The enormous cloud of gas and dust known as the Orion Nebula is a birthing ground for stars, and some of these stars are formed under conditions that could lead to them eventually forming into planets. But new research reveals that a class of highly luminous stars known as O-type stars can essentially function as "death stars," destroying all the material necessary for planet formation.

A class of young protostars known as proplyds have been observed falling victim to the planet-draining forces of O-type stars, as documented in a new paper published in in The Astrophysical Journal.

Using the Atacama Large Millimeter/submillimeter Array (ALMA) in Chile to document the relationship between proplyds and O-type stars, a team of American and Canadian astronomers found that protostars within 0.1 light years of an O-type star are doomed to have their shells of planet-building gas and dust stripped away in just a few million years, much quicker than planets are able to form.

"O-type stars, which are really monsters compared to our Sun, emit tremendous amounts of ultraviolet radiation and this can play havoc during the development of young planetary systems," said lead study author Rita Mann, an astronomer with the National Research Council of Canada in Victoria. "Using ALMA, we looked at dozens of embryonic stars with planet-forming potential and, for the first time, found clear indications where protoplanetary disks simply vanished under the intense glow of a neighboring massive star."

Due to their high temperature and high luminosity, O-type stars end their lives rather quickly. But the ongoing process of star formation relies upon short-lived O-type stars stationed within large, interstellar clouds of gas and dust, the researchers contend.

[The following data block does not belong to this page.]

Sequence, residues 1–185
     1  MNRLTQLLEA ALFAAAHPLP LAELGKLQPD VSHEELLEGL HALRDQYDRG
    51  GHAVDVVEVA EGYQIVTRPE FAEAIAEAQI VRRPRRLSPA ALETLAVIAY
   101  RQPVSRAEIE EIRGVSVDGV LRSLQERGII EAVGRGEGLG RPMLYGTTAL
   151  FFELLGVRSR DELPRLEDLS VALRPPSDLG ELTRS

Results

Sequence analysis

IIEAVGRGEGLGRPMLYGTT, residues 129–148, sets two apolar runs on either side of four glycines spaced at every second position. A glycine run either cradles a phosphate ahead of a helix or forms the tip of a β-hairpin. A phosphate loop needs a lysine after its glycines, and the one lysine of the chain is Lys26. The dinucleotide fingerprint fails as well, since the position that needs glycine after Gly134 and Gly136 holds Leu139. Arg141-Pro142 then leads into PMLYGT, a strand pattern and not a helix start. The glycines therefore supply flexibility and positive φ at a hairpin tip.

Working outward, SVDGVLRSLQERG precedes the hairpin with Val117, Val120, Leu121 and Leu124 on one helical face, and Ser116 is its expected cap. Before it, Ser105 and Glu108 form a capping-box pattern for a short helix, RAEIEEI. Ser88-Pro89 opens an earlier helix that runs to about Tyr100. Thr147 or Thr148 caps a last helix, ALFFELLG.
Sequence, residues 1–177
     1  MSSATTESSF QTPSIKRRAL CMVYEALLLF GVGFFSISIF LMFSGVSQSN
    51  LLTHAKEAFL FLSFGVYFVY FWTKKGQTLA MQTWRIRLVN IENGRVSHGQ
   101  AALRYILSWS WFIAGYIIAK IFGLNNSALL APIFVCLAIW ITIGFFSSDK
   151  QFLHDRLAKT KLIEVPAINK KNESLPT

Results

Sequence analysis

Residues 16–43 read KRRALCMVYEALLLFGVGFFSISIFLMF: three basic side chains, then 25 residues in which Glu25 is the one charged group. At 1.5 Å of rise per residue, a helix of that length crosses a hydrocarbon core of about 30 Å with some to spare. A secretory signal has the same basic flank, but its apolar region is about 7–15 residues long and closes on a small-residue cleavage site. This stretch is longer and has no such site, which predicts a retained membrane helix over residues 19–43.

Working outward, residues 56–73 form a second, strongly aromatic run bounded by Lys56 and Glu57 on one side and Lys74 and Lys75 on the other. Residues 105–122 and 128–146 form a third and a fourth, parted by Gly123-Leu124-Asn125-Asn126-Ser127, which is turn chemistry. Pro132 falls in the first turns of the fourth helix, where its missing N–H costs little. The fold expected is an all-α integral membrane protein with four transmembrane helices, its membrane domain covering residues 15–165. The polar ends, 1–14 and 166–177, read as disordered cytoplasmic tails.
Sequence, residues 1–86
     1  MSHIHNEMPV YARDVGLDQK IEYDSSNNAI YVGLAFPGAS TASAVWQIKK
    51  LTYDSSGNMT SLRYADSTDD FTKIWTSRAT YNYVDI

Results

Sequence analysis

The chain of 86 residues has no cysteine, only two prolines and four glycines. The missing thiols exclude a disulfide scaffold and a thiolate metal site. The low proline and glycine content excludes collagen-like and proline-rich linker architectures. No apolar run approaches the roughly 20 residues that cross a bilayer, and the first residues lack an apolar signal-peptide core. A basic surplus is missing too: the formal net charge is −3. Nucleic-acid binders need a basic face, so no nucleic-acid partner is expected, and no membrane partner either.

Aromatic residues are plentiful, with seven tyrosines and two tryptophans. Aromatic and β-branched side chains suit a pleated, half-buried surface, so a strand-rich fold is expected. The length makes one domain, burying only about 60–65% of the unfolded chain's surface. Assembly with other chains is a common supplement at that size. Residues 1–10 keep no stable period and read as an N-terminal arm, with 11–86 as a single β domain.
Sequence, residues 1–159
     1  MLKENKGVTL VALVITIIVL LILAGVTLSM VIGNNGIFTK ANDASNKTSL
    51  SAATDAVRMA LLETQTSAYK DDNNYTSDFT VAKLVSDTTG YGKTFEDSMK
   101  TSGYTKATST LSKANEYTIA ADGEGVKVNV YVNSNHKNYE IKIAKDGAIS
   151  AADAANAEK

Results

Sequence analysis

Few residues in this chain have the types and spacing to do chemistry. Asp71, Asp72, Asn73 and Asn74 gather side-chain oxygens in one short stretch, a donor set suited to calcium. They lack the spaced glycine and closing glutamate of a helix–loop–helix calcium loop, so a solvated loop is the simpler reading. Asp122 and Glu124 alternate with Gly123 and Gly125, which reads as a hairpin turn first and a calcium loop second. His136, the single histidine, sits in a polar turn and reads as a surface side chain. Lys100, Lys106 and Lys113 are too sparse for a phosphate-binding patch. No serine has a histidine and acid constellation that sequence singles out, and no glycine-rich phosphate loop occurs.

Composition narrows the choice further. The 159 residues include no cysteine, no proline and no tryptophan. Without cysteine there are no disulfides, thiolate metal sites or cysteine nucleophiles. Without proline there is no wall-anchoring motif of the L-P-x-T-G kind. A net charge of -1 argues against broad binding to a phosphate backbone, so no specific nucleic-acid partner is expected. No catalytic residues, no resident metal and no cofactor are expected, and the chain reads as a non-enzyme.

At the end of these O-type stars' lives, they turn into supernovas, which explode with such force that the surrounding area is blanketed with dust and heavy elements that will get taken up by the next generation of stars.

But these O-type stars are deadly for nascent planetary systems that stray too close.

"Massive stars are hot and hundreds of times more luminous than our Sun," said James Di Francesco, also with the National Research Council of Canada. "Their energetic photons can quickly deplete a nearby protoplanetary disk by heating up its gas, breaking it up, and sweeping it away."

The researchers found that any protostar within the extreme-UV field of a massive star would lose most of its planet-building material in no time. However, if the protostars are beyond the 0.1 light year UV threshold, they are capable of retaining much of their planet-building material

"Taken together, our investigations with ALMA suggest that extreme UV regions are not just inhospitable, but they're downright hazardous for planet formation. With enough distance, however, it's possible to find a much more congenial environment," said Mann. "This work is really the tip of the iceberg of what will come out of ALMA; we hope to eventually learn how common solar systems like our own are."